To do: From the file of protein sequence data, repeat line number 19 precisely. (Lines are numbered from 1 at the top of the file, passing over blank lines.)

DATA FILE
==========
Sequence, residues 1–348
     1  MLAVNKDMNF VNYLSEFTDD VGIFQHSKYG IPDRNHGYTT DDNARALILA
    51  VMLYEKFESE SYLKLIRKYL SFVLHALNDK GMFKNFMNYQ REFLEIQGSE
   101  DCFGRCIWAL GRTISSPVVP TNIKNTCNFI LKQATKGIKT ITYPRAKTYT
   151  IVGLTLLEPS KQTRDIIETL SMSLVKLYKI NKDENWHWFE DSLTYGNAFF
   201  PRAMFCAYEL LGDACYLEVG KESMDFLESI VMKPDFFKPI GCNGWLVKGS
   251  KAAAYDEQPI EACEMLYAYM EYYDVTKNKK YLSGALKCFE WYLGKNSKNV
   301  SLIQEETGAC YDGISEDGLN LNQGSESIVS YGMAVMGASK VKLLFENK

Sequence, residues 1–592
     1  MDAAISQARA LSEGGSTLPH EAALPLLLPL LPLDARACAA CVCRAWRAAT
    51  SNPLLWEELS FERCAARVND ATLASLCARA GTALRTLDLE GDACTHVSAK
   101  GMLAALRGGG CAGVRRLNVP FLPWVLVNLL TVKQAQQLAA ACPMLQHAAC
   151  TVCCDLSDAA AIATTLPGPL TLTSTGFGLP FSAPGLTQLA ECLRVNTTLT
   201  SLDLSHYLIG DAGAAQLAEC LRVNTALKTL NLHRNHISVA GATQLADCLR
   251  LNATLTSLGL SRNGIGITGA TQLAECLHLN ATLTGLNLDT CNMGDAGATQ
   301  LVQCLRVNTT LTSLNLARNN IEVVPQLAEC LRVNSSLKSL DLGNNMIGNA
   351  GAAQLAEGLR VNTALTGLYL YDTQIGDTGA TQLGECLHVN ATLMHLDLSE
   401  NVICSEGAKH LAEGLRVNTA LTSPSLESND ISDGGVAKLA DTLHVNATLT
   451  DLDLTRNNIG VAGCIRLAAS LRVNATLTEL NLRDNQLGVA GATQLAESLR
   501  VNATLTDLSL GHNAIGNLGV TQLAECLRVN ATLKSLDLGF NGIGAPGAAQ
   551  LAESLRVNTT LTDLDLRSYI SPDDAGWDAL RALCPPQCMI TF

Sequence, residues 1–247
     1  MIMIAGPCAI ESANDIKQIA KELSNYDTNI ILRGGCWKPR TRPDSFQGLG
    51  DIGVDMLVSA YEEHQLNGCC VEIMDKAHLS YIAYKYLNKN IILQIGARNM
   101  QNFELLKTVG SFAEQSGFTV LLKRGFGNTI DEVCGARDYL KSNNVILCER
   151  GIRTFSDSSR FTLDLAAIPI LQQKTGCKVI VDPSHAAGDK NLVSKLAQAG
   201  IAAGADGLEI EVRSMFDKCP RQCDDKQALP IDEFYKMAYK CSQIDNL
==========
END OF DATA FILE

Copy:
   451  DLDLTRNNIG VAGCIRLAAS LRVNATLTEL NLRDNQLGVA GATQLAESLR